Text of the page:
Beth Altringer: "Ideas with Impact"
Beth Altringer is an organizational psychologist with a background in architecture and creative industries and has worked with teams in creative companies around the world. She designed ES21 to teach students practical ways to apply behavioral research and human-centered design to stimulate innovation, regardless of the students' specific field or interests. Watch the film, read how she defines innovation in her own words, and see what her students are creating.
Genuinely good ideas, and highly capable entrepreneurs, fail all the time. Like anything, innovation (or creating ideas with impact, as I broadly define it in class) takes practice and specific, learnable skills. The under-represented side of innovation is that great ideas are important, but they’re seldom enough. Today, innovation is highly interactive, taking place in teams, and teams of teams, across disciplines, cultures, and organizations.
Increasingly, your success is dependent on people choosing to interact with whatever you’ve created. Whether inside your innovation team as you’re building your project, in the eyes of potential funders and employees, or out in the market after you’ve released your idea to the world, other people will determine whether your ideas are influential or not.
For years, fields like human-computer interaction, human factors, and cognitive, organizational, and environmental psychology have explored ideas that are highly relevant to innovation, yet hands-on training that applies these insights remains relatively rare.
The Innovators' Practice is an experiential class that gives students the opportunity to develop skills in overcoming many under-represented challenges of innovation. They explore what excites them personally, create a project based on this, use behavioral methods to find problems worth solving, and create solutions that integrate into and potentially improve the lives of users. In the process, they collaborate with others across disciplines, practice leadership of unstructured projects, and present their ideas to leaders in their interest area (midterm presentations involve high-level meetings with senior industry executives).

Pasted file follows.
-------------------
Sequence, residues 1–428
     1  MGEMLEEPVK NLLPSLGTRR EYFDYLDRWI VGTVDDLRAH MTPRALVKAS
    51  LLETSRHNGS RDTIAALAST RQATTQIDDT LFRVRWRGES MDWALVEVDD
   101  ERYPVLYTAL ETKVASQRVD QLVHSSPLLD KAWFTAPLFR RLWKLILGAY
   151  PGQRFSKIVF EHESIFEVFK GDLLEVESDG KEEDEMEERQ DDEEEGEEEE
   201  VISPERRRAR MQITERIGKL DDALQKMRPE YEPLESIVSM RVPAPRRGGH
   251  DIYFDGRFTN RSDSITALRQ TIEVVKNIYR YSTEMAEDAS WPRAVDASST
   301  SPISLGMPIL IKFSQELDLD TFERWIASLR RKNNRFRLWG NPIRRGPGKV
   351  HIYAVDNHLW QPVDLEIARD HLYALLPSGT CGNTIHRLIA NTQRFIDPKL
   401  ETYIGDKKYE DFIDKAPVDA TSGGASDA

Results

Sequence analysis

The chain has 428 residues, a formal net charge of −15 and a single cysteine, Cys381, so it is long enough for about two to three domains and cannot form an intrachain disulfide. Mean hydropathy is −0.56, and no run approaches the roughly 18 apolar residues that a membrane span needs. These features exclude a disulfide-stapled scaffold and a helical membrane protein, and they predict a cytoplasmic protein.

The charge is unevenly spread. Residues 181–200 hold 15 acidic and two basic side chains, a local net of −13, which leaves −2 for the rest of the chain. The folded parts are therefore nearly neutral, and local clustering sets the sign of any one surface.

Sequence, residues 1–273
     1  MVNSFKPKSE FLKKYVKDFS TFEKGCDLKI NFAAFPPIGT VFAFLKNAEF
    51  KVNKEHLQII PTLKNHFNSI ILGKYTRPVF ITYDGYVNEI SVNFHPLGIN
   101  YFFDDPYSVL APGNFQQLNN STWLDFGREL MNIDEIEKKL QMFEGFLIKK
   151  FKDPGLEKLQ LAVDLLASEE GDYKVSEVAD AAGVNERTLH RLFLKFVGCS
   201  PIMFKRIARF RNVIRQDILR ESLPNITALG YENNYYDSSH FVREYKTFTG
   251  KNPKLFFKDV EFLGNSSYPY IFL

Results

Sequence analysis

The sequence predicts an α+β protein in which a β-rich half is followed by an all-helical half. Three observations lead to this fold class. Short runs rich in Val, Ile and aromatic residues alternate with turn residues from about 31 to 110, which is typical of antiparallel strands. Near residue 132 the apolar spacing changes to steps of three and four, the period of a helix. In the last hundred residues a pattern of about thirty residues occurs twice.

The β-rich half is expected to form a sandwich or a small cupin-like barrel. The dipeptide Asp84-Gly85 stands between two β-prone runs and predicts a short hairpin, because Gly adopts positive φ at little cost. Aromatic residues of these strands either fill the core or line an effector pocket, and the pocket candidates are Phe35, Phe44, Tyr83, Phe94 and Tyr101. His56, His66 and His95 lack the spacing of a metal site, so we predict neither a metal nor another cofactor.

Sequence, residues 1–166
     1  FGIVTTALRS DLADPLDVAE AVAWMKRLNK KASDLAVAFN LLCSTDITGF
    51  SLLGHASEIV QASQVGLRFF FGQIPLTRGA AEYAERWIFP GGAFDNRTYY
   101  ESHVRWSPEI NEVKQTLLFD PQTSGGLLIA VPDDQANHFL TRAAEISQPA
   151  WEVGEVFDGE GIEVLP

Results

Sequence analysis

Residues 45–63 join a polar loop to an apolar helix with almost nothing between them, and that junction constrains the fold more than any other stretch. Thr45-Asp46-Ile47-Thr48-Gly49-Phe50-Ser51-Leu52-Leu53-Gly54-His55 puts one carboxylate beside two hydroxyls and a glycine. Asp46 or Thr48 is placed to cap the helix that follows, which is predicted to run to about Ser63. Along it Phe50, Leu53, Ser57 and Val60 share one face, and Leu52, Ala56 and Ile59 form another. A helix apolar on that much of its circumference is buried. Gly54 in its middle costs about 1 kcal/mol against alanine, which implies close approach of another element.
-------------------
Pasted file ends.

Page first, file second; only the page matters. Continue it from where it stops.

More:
As students develop their prototypes, they try to create impact in the real world, including planning, measuring, and reflecting on their influence. Throughout this process, in the discussion seminar, students deepen their understanding of human behavior and learn from experts about different ways successful creative teams manage to create a collaborative culture for innovation and overcome difficulties similar to what the students will experience on their own projects.
The class has a number of fantastic industry affiliates, who join each year to visit the class and meet with student teams to give feedback on their midterm progress. They play an important role in motivating the students and supporting the real-world mission of the course.
Read more about Professor Altringer, the class, her group, and student ideas that have emerged from the class (both those in development and those seeking partners). For ways to support innovation at Harvard, visit Ways to Give.
Video produced and edited by Marlon Kuzmick, the Bok Center Multimedia team, and Shelley Westover.